11) Quinn Meinerz, Wisconsin-Whitewater; Ht: 6-6 Wt: 320
Meinerz is the other non-D-I player on the list and his Senior Bowl performance is a big reason as to why his stock is going up. There were some questions about the D-III competition he was facing during his career but his clinic against other seniors was more than enough to clear the air. I’m a bit worried about his footwork because it got a bit sloppy when it wasn’t necessary to win blocks, but otherwise I think he’s a good prospect. He doesn’t get drive and holds engagement so going around him isn’t an option. He has good mobility and strength and looks to kill whoever he’s blocking. He should be fun to watch develop.
12) Jack Anderson, Texas Tech; Ht: 6-5 Wt: 315
Anderson has an interesting frame for a guard, being generally taller and thinner than most, but he was pretty effective regardless. The Texas Tech prospect showed an aptitude to be very good in pass protection, displaying very good strength and very heavy hands, often keeping separation with good balance. In addition, he did well to scan the field when not engaged. I struggled to place him higher because I’m concerned about his athleticism. He didn’t give off very good mobility and his adjustments that the best players could make just aren’t there, and to make up for it he wasn’t able to get leverage to stay low. If he can fix that he will be better, but those concerns are pretty large.
13) Aaron Banks, Notre Dame; Ht: 6-5 Wt: 330
Both of Notre Dame’s guards will be taken in this draft, but neither will be going exceptionally high, both probably being mid-third day picks. Banks has the potential to turn out very good, but I didn’t love him this past season. Yes, he’s very strong and hits really hard, especially off the snap, but that’s generally worthless if he can’t get balanced. The same goes for his base. He can be as strong as he wants, but until he stays centered so he can’t be pulled down and isn’t lunging, that can all be compromised. And though he works hard in his blocks and does very well run blocking, there’s a lot to be desired in his movement as he just isn’t fast and can be moved by easily if the defender possesses some speed. There’s upside if the right work is put in, but he’s not worth a top pick as is.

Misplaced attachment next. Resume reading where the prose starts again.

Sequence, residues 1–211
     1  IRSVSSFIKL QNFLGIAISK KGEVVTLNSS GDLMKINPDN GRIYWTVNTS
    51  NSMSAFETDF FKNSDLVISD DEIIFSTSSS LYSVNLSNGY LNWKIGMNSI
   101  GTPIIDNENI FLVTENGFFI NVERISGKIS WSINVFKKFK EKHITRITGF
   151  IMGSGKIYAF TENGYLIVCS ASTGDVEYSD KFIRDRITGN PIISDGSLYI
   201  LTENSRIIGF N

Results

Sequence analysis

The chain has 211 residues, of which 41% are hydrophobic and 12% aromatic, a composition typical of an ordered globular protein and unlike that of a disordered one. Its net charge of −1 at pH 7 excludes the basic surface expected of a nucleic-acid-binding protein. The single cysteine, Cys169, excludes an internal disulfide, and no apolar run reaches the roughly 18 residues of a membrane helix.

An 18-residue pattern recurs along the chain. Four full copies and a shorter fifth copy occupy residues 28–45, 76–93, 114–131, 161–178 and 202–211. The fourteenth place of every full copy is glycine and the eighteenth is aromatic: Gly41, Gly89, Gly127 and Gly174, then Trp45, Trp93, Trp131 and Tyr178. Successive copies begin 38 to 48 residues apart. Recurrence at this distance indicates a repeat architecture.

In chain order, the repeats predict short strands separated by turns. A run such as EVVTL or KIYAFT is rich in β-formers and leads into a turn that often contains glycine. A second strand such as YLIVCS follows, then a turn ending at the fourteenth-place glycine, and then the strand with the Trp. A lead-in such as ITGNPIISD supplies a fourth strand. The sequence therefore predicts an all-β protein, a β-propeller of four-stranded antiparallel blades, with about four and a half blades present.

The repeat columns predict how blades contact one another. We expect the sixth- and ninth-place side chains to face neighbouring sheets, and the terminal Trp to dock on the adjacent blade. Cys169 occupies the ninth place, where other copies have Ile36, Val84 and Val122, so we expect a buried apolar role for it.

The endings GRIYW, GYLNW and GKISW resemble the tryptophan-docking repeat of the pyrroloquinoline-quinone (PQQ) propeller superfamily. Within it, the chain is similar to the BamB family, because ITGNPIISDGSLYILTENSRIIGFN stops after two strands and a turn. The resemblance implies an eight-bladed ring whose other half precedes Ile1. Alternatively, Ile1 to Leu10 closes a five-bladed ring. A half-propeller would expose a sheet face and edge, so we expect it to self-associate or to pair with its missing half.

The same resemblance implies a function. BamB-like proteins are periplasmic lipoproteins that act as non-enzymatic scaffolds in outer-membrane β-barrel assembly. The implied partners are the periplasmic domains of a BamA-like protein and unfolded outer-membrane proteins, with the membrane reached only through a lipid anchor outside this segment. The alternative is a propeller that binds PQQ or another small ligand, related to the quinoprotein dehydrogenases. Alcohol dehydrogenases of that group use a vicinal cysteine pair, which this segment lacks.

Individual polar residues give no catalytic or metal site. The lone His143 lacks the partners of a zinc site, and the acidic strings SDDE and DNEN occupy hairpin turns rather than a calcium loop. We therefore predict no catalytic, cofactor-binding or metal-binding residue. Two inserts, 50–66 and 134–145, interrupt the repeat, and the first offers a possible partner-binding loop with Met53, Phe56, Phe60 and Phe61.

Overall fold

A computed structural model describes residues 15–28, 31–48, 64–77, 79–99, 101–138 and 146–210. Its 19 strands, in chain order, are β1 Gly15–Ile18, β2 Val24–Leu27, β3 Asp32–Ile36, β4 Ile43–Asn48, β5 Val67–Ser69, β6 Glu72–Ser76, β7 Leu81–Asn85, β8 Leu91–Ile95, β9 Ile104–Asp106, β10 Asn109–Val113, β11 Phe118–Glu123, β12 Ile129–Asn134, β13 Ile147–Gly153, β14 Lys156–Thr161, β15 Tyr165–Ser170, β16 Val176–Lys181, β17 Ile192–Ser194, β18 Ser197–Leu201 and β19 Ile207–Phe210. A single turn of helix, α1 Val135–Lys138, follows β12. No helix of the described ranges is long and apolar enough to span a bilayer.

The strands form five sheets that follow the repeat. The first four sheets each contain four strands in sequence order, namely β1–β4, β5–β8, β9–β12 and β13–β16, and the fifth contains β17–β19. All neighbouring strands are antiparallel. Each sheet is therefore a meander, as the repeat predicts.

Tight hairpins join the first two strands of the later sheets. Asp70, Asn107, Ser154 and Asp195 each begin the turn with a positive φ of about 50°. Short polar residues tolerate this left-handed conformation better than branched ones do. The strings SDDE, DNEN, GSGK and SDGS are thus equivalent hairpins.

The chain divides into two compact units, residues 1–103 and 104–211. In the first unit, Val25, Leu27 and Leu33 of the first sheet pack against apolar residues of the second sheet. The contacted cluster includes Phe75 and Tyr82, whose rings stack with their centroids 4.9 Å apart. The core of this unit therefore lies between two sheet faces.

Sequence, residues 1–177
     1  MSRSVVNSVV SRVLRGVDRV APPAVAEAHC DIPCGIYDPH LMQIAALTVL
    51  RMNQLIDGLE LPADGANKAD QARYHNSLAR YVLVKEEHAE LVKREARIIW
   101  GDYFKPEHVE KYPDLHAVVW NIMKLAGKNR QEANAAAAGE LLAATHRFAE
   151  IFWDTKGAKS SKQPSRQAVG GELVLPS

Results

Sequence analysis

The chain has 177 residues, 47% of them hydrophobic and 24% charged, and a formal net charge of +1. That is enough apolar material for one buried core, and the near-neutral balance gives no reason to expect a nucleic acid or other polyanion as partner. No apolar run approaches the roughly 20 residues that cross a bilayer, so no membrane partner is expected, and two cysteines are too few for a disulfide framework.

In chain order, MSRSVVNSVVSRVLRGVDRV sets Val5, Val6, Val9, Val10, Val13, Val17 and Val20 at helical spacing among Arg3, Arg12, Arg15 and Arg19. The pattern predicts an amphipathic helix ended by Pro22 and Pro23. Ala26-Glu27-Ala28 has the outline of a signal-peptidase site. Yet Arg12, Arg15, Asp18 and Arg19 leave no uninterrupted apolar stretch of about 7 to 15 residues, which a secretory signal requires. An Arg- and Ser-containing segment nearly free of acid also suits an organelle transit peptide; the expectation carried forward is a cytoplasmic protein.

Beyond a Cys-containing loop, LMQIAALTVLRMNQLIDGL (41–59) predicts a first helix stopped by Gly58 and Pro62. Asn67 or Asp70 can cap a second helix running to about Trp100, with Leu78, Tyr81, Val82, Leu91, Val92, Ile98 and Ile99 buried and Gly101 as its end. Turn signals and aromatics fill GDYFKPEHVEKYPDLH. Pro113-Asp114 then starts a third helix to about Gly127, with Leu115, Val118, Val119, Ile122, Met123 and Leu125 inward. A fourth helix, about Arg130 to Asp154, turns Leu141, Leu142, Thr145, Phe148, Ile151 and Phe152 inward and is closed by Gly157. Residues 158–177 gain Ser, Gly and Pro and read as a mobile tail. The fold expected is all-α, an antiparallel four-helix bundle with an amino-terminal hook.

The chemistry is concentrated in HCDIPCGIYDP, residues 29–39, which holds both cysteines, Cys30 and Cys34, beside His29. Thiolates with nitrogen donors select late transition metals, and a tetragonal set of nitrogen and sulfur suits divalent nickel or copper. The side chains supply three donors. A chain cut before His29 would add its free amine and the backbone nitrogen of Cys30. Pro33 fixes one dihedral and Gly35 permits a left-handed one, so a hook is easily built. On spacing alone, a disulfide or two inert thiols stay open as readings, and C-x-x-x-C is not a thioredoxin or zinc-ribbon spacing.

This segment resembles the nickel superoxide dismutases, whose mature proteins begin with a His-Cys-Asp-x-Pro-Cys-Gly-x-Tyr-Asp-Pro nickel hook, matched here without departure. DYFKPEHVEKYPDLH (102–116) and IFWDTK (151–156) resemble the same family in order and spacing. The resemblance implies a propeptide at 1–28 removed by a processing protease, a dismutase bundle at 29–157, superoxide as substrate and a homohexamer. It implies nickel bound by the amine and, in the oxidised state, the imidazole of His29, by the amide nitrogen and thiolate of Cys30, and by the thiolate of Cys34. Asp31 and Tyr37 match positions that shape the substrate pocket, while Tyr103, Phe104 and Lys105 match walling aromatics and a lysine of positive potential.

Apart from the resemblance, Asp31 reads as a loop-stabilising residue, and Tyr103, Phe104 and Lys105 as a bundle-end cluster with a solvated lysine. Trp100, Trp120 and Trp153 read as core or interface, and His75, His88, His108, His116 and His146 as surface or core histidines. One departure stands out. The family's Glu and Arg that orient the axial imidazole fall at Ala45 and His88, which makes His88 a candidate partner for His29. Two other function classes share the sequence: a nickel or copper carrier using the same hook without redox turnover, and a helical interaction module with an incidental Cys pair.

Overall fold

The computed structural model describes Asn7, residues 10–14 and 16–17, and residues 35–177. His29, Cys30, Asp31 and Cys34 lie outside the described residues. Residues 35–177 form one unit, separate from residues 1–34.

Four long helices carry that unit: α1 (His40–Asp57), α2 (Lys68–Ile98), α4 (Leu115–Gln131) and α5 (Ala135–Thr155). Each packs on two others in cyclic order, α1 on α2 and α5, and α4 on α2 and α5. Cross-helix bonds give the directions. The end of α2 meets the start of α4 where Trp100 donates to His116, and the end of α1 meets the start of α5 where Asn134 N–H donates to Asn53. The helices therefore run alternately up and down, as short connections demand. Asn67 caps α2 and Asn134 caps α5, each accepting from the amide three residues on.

14) Sadarius Hutcherson, South Carolina; Ht: 6-4 Wt: 320
Hutcherson is another player like Banks in that there’s some really good stuff here, especially physically, but the rest needs to catch up quickly. Hutcherson is a very good blocker, but he isn’t a great pass protector. His vision is lackluster and he doesn’t recognize pass rushers as they’re coming, leaving his quarterback to be murdered at times. Otherwise, his footwork is good and he shows really good strength and the nice ability to square up his opponent. In the run there are some issues too. He could bear to be a lot more mobile and he could improve on his blocks upfield, but again, there’s a good mold here with some good parts so I expect to see him taken.
15) Kayode Awosika, Buffalo; Ht: 6-5 Wt: 315
Awosika didn’t get much run this season due to the MAC only playing six regular season games, but the guard was still able to show out in his time on the field. I liked his pass protection prospects as his hands fire quickly and hard and he can get a good push in the run, but there’s a lot of trouble here as well. His footwork is decent at best and his lack of mobility makes that struggle even more apparent. He also struggles to stay balanced and his base could be stronger, but with the right work I could see him finding success at the next level.